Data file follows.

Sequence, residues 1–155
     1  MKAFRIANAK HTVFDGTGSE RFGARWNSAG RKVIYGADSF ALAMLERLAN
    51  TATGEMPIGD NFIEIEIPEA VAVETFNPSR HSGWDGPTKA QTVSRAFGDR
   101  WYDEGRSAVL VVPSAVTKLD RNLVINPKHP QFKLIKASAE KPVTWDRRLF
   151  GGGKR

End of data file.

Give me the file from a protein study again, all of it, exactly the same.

Sequence, residues 1–155
     1  MKAFRIANAK HTVFDGTGSE RFGARWNSAG RKVIYGADSF ALAMLERLAN
    51  TATGEMPIGD NFIEIEIPEA VAVETFNPSR HSGWDGPTKA QTVSRAFGDR
   101  WYDEGRSAVL VVPSAVTKLD RNLVINPKHP QFKLIKASAE KPVTWDRRLF
   151  GGGKR